Stack Overflow is a community of 4.7 million programmers, just like you, helping each other.

Join them; it only takes a minute:

Sign up
Join the Stack Overflow community to:
  1. Ask programming questions
  2. Answer and help your peers
  3. Get recognized for your expertise

i have an id_rsa and id_rsa.pub . say i have 5 users on the same machine. i want to use the same id_rsa and id_rsa.pub to ssh between users without password. is it possible ? As i figure it out if user1 wants to do ssh user2@localhost .../home/user2/.ssh must have a file named authorized_keys with the content of id_rsa.pub. and /home/user1/.ssh must have the id_rsa file. so by doing this user1 can do ssh user2@localhost.
But if user2 wants to do ssh user1@localhost then user1 must have the authorized_keys having the contents of id_rsa.pub and user2 must have the id_rsa file

to sum it up user1 has : authorized_key, id_rsa and user2 has the same files. what happens on my machine is: user1 can do ssh user2@localhost but user2 cannot do user1@localhost.

is there something missing ? is there something i do not understand ? is it possible to ssh between users using the same id_rsa and the same id_rsa.pub ?

share|improve this question

closed as off topic by Michael Berkowski, DocMax, FelipeAls, sgarizvi, Steven Penny Feb 22 '13 at 1:07

Questions on Stack Overflow are expected to relate to programming within the scope defined by the community. Consider editing the question or leaving comments for improvement if you believe the question can be reworded to fit within the scope. Read more about reopening questions here.If this question can be reworded to fit the rules in the help center, please edit the question.

    
Can user1 do ssh user1@localhost? I ask because it could be a permissions problem on /home/user1/.ssh or the authorized_keys file therein – Michael Berkowski May 26 '11 at 14:17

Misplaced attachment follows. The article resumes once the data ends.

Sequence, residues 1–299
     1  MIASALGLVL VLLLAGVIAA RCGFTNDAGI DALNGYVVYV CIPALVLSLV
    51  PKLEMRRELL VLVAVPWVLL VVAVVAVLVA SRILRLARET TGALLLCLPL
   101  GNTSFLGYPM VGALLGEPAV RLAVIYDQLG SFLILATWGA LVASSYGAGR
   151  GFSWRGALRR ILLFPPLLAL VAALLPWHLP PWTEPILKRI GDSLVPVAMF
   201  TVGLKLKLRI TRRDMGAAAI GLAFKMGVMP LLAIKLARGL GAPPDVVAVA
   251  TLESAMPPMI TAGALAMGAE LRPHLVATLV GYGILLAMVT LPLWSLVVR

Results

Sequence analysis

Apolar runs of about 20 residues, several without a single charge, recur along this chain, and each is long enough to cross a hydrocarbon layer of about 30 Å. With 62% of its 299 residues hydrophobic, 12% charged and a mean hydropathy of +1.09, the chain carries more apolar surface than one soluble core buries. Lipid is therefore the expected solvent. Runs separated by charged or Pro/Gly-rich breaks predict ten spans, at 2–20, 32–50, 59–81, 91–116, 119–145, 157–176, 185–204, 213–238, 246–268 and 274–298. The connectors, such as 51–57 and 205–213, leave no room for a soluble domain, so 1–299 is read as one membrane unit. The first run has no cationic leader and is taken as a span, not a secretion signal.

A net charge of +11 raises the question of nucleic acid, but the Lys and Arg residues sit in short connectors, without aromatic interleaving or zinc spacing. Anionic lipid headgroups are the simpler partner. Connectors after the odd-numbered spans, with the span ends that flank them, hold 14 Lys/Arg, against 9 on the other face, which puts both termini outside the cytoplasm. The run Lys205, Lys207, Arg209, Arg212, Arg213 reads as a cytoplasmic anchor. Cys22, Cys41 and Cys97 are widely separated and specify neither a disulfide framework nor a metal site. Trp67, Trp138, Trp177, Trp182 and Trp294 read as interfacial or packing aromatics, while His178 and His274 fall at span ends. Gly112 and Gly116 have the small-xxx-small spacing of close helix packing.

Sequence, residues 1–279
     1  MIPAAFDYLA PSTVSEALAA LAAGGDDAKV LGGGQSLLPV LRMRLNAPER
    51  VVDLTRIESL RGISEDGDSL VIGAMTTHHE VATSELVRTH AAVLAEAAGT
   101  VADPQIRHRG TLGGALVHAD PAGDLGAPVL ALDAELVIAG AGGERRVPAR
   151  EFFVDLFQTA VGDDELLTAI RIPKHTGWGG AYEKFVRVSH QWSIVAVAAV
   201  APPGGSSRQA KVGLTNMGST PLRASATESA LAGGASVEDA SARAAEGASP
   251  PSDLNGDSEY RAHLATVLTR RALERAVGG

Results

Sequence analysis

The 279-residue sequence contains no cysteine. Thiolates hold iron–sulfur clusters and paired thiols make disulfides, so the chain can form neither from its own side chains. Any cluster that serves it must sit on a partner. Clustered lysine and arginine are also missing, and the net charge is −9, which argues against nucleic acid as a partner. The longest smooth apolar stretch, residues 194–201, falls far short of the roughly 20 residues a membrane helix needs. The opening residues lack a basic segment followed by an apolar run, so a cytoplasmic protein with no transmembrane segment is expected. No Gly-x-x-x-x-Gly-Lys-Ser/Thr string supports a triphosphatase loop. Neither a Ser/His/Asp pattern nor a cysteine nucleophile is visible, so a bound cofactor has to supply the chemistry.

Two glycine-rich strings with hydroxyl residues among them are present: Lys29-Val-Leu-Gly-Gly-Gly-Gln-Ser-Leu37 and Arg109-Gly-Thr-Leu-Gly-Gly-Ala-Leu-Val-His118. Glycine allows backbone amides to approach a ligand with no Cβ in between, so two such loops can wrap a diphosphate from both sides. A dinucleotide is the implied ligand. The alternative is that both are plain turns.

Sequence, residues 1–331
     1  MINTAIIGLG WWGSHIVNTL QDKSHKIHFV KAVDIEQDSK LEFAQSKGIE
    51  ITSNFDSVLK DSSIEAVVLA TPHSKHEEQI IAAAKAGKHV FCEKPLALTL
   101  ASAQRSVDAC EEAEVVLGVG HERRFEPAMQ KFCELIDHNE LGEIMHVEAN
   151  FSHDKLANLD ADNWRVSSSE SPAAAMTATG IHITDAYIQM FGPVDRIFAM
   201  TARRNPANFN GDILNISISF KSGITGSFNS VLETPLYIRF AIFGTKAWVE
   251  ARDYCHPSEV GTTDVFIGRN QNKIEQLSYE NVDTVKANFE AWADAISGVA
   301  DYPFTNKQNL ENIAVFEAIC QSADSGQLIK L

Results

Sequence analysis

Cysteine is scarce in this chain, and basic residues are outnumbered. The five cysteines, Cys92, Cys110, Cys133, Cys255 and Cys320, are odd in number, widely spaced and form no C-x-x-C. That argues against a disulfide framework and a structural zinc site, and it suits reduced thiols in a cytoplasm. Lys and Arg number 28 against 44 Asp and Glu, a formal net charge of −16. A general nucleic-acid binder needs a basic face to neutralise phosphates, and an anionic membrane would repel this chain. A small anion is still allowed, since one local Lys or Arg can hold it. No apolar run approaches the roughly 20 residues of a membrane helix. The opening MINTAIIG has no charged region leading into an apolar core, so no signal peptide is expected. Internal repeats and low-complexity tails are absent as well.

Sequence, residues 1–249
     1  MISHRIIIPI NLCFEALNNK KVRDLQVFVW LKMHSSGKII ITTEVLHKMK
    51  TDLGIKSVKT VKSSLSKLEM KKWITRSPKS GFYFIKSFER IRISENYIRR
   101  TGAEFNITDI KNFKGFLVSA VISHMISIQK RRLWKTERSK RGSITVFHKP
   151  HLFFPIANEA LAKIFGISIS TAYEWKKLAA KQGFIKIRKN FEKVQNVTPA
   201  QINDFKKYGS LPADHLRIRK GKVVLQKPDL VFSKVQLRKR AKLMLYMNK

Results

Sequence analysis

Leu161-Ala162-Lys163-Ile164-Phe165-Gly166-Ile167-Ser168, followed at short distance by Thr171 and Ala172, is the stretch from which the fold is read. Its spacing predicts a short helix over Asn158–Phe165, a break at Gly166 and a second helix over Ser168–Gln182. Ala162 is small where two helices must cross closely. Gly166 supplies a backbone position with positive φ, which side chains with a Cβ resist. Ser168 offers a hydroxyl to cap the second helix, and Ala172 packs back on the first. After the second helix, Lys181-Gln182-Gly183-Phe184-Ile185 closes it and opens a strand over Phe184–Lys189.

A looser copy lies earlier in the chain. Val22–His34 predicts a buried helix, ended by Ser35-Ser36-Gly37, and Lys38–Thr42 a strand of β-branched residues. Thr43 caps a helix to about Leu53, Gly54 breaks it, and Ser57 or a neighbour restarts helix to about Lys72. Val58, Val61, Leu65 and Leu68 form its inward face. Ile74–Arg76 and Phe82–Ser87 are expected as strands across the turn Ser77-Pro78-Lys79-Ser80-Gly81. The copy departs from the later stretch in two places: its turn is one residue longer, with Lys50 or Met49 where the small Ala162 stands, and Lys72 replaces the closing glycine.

That should just work, yes. To simplify the set-up, you might want to use the ssh-copy-id command to install the keys. Also, check that the private key for user2 is not readable, and check your system logs for messages from sshd. It usually puts something in there if it dislikes the permissions. – Christopher Creutzig May 26 '11 at 14:26
    
Agreed - it should work. – trojanfoe May 26 '11 at 14:27
    
i just deleted authorized_key, id_rsa from both user1/.ssh and user2/.ssh and recopied id_rsa and copied and renamed id_rsa.pub to authorized_key. so now both users have again the same setup. but now i can't ssh at all. for user1 it asks the password and for user2 it asks the passphrase. uhm... i gave the files the 600 permissions – John11 May 26 '11 at 14:58
    
i just used ssh-copy-id and user1 can again log in to user2. but still user2 cannot login to user1. from all 5 users user1 seems to be able to login only to user2 – John11 May 26 '11 at 15:24
up vote 3 down vote accepted

File permissions on a user's /home/user/.ssh directory must be 700, and the /home/user/.ssh/authorized_keys must be 600. Meanwhile, it is essential that all files in each .ssh directory are owned by the user in whose home directory they reside. To change ownership recursively, you can:

chown -R username:username /home/username/.ssh

If you have multiple users and need to do this for each of them, you can use this loop:

for SSHUSER in user1 user2 user3 user4 user5; do
  # Add the authorized_keys file if it doesn't already exist
  touch /home/$SSHUSER/.ssh/authorized_keys

  # Set its permissions
  chmod 600 /home/$SSHUSER/.ssh/authorized_keys

  # Set directory permissions
  chmod 700 /home/$SSHUSER/.ssh

  # Set ownership for everything
  chown -R $SSHUSER:$SSHUSER /home/$SSHUSER/.ssh
done;
share|improve this answer
1  
Also first check the permissions on /home/$SSHUSER. Make sure it's - 755; 777 didn't work for me. – Hussain Nov 23 '13 at 11:03

Not the answer you're looking for? Browse other questions tagged or ask your own question.